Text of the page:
U.S. Sen. Paul Wellstone says he's working on legislation that would speed up the FDA approval process for medical devices. Wellstone and Connecticut Sen. Christopher Dodd held a forum on the issue Monday at Medtronic, Minnesota's largest medical device company.
Minnesota leads the nation in developing and manufacturing medical devices, with about 800 companies registered in the state. The largest by far is Medtronic, with 28,000 employees worldwide.
At Medtronic's brand-new corporate headquarters in Fridley, CEO Art Collins showed Wellstone and Dodd some of the latest technology to regulate the heartbeat. Collins held an implantable defibrillator in the palm of his hand. It's a silver device smaller than a business card.
"This is the Jem 3DR. Vice President Cheney has this device," Collins explained. "If you went back eight or nine years, this device was about five times the size, it was implanted down in the gut, you had to tunnel the leads up to the heart, and you had to have open heart surgery."
Collins also showed the senators the latest technology for people with diabetes, a pump that gives diabetics a constant flow of insulin. He told the story of a 10-year-old girl who loves the insulin pump.
"I said, 'Tell me about your pump and how it's changed your life.' And she said, 'I don't need to take shots any more.' And you know what else she said? 'I can have mud pie at my birthday party.'"
Collins says two-thirds of Medtronic's revenues last year came from products that weren't on the market two years ago. But the average time to get FDA approval for new devices has increased to nearly a year.
Wellstone and Dodd support requiring companies seeking FDA approval to pay a user fee that would allow the FDA to add staff. Pharmaceutical companies already pay a user fee, and Wellstone says the review time for new prescription drugs is shorter. However, a spokeswoman for the FDA says the average review time for new drugs is 12 months - about the same as the review time for medical devices.
Wellstone says he and Dodd are trying to find a compromise that also protects consumers.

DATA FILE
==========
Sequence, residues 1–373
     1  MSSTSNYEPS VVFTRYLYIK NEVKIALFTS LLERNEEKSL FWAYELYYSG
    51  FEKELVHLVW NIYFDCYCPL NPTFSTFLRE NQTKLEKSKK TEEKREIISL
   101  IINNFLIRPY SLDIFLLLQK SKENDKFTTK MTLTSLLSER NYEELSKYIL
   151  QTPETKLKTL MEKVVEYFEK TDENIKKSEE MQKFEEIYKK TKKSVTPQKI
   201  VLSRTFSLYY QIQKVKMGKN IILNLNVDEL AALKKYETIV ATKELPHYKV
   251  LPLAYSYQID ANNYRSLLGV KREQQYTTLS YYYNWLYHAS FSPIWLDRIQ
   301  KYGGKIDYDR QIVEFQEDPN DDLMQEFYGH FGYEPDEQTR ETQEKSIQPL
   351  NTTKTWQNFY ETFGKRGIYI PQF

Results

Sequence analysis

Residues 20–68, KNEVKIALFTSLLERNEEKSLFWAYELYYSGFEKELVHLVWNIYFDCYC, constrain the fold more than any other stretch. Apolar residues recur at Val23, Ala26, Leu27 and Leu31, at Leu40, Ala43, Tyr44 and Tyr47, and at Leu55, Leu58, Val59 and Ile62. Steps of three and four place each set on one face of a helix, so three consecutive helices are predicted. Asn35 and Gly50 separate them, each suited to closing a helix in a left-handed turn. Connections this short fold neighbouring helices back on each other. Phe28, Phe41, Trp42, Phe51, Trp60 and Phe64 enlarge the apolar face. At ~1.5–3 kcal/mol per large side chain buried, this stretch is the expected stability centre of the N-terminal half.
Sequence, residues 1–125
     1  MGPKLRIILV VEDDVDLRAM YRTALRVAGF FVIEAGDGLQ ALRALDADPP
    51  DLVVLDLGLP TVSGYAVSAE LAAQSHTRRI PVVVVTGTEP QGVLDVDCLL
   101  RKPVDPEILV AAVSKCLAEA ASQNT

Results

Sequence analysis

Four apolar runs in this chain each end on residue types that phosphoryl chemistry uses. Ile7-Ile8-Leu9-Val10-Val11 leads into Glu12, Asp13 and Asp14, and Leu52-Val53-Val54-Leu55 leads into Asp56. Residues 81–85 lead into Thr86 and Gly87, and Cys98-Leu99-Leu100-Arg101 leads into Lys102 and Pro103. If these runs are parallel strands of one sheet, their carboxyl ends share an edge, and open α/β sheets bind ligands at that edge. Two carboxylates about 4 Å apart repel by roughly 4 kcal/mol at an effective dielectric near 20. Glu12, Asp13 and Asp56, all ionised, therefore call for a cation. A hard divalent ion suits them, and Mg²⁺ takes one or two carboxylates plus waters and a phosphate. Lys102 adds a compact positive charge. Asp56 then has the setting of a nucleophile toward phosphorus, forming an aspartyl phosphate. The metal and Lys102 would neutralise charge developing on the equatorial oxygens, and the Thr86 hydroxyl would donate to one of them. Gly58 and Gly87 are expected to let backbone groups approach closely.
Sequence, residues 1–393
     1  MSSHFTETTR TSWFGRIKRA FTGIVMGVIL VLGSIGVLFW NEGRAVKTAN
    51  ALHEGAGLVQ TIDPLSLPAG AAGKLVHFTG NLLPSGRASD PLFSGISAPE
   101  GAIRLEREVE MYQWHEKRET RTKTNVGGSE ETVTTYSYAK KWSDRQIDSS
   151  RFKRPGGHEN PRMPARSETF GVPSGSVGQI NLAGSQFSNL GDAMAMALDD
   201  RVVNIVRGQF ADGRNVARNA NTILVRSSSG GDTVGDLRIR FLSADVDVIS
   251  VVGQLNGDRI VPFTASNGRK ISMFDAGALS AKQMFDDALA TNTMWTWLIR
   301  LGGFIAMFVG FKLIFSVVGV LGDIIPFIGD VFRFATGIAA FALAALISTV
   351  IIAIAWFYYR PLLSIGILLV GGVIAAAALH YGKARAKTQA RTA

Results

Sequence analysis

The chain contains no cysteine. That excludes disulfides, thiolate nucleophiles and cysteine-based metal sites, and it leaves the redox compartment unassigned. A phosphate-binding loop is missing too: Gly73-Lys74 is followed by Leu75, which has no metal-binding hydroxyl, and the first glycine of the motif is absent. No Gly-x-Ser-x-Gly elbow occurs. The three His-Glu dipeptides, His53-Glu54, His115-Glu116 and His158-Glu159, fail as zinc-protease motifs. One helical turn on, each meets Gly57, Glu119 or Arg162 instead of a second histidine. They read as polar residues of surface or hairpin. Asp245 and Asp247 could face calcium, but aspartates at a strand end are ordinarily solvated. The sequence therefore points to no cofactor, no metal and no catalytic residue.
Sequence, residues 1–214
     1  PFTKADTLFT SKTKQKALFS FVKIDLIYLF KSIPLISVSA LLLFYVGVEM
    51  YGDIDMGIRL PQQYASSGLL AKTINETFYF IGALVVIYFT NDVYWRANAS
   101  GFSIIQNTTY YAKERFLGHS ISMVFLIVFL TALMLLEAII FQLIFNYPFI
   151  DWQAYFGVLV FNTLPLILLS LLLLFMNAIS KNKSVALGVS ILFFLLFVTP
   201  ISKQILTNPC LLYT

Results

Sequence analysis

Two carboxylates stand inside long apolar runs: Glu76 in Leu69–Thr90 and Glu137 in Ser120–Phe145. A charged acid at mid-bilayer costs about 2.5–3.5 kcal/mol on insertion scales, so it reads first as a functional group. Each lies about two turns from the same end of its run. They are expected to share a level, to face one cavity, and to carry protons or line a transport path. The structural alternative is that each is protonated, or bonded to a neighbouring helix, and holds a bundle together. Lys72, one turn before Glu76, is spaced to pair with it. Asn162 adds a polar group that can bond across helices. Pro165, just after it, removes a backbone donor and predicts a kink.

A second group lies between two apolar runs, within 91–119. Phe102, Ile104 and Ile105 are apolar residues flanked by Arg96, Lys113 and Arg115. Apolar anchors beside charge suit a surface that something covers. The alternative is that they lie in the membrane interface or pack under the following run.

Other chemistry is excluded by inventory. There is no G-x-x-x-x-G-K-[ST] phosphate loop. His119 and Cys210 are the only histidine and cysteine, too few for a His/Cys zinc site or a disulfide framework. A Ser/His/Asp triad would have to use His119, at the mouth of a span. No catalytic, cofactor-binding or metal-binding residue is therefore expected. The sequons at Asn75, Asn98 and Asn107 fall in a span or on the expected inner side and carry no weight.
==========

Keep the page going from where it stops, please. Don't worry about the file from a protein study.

"You don't want a product out on the market that's unsafe," says Wellstone. "But the other thing is, you don't want to have a product that could help someone - could literally save lives - but it's delayed and delayed and delayed because FDA doesn't have the resources."
Smaller companies are worried about the cost of a user fee. At a forum with other members of the medical device industry, the president of a small cardiovascular company said he worried about the burden such a user fee would impose. He said his product has been approved for two years in Europe, but has yet to get FDA approval.
Wellstone says lawmakers working on FDA reform legislation are looking at a first-year exemption for smaller companies. Medtronic CEO Collins says the medical device industry has been working with the FDA to come up with a fee the industry can live with.
"You look at the cost every year of being off the market. I think that you'll find out that these fees - with proper performance criteria - will end up to be economically beneficial for the small companies, but more importantly, to the patients that are not getting the access to the technology that, for example, in your case, the Europeans are," said Collins.
Sen. Dodd says the challenge will be putting together an FDA reform package before the end of this congressional session, since there are fewer than 40 working days before the November election.More Information